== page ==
By Chelsea Mattioda | HuntNewsNU.com
Crowds of people made their way down to the waterfront despite the overcast day to partake in Boston’s second annual local food festival.
Presented by the Sustainable Business Network of Greater Boston, the festival, which took place Saturday, Oct. 1, sponsored local businesses, education about local and sustainable food options and zero waste.
Masses of white tents were set up around the Boston Children’s Museum with food vendors ready to serve area residents and visitors. Nothing was allowed to be priced over $5, giving vendors the chance to serve up dishes of fresh, local and organic ingredients at low prices.
At the “Thai Hut,” options like Pad Thai, rice and spring rolls that sizzled in their serving pans were abundant. Vermont Smoke and Cure sold “slab of bacon sandwiches” which were as simple and delectable as the name suggests. The sandwich was made with thick, organic, smoky-flavored bacon on fresh French bread.
Flatbread Company was cooking up homemade sausage. Scents of onions and garlic permeated the air around their station among other natural toppings and ingredients. They also brought some of their Maine Root, organically sweetened sodas. The blueberry soda, ginger brew, lemon-lime and standard root beer were sweet, yet refreshing.
For dessert, Izzy’s Cheesecake was only a few tents away with slices and whole pies of lemon, chocolate, marble, raspberry swirl and various types of freshly made cheesecake. The soft pies were made with fresh cheese. There was also an abundance of free samples of chocolate chunks, like those from Chocolate Taza, where visitors could try a sample size of their rich chocolates before caving in and buying treats like chocolate covered hazelnuts and cashews.
“I’m really glad I went today,” Julie Landsman, a freshman anthropology major, said. “All of the food was really good and the music gave it a more cultural feel.”
Other tents featured farms as opposed to restaurants, where fresh flowers, fruits and vegetables were sold. It was the first year at the festival for Holmes Cranberry Farm, where they sold their fresh, organic cranberries. Festivals and markets such as this one give farms like this a major outlet for promotion in the slim window they have to sell their cranberries before Christmas, she said.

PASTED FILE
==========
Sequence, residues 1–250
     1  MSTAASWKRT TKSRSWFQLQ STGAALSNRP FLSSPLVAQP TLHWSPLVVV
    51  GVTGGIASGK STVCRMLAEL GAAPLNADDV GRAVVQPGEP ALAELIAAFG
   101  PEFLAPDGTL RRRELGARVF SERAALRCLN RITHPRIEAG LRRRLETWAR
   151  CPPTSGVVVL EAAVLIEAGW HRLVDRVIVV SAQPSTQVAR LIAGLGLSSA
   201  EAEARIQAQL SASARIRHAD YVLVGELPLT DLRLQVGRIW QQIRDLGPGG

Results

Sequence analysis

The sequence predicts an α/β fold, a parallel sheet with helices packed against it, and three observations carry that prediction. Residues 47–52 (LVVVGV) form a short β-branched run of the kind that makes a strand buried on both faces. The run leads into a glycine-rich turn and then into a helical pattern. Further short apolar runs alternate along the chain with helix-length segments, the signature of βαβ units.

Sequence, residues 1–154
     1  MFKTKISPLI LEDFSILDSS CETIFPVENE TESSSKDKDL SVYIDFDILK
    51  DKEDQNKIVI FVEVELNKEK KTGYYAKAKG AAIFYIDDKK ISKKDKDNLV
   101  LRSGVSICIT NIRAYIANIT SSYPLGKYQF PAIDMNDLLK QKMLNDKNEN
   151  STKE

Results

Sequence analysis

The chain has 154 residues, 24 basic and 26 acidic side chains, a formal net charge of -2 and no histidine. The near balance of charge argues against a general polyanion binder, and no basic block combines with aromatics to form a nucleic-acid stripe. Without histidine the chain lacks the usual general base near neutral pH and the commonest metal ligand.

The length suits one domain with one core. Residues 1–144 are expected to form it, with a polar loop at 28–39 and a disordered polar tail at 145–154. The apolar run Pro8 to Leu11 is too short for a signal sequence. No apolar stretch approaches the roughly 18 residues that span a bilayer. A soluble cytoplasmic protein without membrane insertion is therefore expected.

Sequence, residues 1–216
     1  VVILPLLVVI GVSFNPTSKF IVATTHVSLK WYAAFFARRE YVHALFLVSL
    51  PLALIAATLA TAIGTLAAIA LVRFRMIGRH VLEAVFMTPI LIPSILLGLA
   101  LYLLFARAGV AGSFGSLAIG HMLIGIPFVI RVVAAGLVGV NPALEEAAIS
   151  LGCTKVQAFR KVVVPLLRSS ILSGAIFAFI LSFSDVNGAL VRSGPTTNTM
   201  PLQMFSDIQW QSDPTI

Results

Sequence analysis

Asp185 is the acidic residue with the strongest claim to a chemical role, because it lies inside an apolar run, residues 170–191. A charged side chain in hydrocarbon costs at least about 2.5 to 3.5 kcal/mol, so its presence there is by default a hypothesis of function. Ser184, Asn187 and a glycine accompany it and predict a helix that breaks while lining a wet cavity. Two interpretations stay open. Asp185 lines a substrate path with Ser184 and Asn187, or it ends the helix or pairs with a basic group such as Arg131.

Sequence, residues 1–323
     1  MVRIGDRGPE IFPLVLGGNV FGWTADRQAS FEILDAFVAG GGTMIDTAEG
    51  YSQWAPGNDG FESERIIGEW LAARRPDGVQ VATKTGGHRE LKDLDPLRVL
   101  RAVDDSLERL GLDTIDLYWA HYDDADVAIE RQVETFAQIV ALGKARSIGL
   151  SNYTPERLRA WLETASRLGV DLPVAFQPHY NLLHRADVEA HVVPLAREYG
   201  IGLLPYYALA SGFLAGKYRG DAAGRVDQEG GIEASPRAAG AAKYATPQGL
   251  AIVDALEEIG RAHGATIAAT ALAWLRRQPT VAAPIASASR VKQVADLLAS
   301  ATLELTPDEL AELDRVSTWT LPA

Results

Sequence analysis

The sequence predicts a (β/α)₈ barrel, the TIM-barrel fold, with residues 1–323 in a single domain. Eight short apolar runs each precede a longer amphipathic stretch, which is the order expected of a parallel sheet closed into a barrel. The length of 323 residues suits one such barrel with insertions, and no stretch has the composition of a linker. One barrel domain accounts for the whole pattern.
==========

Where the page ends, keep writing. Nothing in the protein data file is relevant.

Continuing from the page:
On the other side of the dock, the New England Aquarium held a booth to raise awareness about seafood conservation. They gave out recipes including options friendly to the ocean’s ecosystem along with a description of how each choice is beneficial. There are a large variety of ways people can help the cause just with their own diets.
“The best and easiest thing people can do is try a new type of seafood,” Elizabeth Fitzsimmons, outreach coordinator of the aquarium, said to onlookers.
Just expanding options and tastes can have a major impact and help people “live blue” a new take on “going green” that the organization uses to encourage conscious decisions around our seafood diets.
In line with the event’s “no waste” goal, categorized trash bins were situated throughout the festival with sections for recyclables as well as composting. This meant that after a grilled ham and cheese from Grilled Cheese Nation’s food truck or a sticky-sweet candy apple from any of multiple farmers stationed around the festival, waste prevention and organization was easy for everyone.
Several of the food trucks that park themselves around the area also made appearances at the festival, serving up their usual dishes at a discounted price. Davis Square-based bakery Kick Ass Cupcakes served up sample-sized treats of their own, including a caramel apple-flavored cupcake just in time for the fall.
The almost overwhelming array of food and information had an eccentric soundtrack with bluegrass, hip-hop, and Middle Eastern dance music at different points in the day with the Kolors Band closing out the day with a self-described “Soca Caribbean” – or fusion Caribbean – sound.